Whole Foods

There is a very thought-provoking blog post by Lauren Fernandez that created some interesting discussion here at the AHA office. At the heart of it is the question – do we conform to social media standards or should they conform to us?

The challenge that Whole Foods is facing is an example; social media became a big part of this issue. Thanks to blogs, Twitter, Facebook and other tools, more people learned about the letter and could weigh in, making their opinions known.

Should the CEO of Whole Foods NOT have written the letter to the editor because it could create a backlash, especially online, even though this was how he felt? Is the personal opinion of the CEO inextricably tied to the brand? Does “authentic” mean different things to different people and would keeping his opinion to himself, because of the risk to the brand, mean that the CEO isn’t authentic?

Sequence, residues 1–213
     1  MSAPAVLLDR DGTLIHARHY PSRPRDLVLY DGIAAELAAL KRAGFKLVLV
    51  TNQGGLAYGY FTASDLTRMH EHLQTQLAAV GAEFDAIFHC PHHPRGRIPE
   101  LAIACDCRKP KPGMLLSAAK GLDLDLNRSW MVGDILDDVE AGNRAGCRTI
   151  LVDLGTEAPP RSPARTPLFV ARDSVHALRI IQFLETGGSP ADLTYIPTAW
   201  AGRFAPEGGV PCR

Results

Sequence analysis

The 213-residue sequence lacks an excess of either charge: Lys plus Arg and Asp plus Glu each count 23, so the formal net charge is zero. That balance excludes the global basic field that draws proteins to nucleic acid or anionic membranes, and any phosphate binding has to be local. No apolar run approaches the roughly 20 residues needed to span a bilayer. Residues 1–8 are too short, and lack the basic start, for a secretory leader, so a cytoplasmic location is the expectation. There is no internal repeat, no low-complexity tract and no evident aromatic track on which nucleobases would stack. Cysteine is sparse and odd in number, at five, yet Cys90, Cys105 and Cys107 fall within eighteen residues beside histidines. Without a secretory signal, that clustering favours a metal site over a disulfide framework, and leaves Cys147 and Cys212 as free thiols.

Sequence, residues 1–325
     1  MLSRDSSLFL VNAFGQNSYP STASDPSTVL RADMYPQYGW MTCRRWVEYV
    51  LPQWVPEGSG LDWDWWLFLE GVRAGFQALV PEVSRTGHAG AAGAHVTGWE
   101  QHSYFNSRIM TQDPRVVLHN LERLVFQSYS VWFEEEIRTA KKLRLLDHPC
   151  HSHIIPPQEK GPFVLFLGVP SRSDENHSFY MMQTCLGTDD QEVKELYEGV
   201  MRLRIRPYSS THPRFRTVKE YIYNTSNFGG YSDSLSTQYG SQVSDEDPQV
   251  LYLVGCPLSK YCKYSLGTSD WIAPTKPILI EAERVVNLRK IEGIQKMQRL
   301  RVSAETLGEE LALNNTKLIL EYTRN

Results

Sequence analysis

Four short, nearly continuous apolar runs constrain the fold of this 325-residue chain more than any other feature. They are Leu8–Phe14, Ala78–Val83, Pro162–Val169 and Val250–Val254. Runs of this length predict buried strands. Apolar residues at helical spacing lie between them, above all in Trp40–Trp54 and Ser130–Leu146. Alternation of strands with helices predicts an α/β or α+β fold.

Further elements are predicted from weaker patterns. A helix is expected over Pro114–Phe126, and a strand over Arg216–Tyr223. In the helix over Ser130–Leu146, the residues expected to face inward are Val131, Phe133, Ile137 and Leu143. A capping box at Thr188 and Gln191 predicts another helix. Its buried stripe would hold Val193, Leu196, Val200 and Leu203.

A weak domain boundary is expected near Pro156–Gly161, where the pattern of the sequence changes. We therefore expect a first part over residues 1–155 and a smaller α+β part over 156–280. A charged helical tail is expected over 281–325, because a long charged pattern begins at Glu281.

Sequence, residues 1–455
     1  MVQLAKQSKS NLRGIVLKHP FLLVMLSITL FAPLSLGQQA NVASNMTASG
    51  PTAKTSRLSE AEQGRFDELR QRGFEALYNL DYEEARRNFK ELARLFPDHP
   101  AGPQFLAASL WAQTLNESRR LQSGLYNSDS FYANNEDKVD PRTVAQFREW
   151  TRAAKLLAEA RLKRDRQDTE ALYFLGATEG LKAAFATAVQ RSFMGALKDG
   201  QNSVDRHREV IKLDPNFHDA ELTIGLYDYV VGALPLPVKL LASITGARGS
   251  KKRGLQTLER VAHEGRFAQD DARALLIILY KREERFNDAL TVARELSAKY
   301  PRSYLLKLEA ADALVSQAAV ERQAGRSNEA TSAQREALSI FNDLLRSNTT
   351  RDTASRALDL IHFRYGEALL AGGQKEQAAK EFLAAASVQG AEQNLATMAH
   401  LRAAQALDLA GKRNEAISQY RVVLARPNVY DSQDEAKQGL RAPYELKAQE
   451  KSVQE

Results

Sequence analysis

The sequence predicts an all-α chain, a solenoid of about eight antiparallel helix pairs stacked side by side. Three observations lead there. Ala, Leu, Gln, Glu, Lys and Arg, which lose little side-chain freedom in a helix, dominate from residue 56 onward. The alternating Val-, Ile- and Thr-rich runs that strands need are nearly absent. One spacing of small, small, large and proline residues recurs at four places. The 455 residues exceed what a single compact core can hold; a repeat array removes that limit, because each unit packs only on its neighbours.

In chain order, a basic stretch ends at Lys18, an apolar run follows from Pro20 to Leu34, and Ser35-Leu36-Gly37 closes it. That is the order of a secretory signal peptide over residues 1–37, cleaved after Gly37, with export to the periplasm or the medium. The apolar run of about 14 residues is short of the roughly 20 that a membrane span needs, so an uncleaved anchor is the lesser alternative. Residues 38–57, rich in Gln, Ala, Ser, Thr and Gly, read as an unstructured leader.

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Gerard Braud has an excellent article on the fallout of Whole Foods CEO (U.S.) John MacKay’s position on health care reform in the U.S.

There has been a huge backlash to MacKay’s letter to the editor in the Wall Street Journal. There is now a movement to boycott Whole Foods – there is a Facebook page, a blog and you can follow the boycott on Twitter.

MacKay is entitled to his opinion. However, publishing that opinion in the Wall Street Journal might not have been the best use of his profile.

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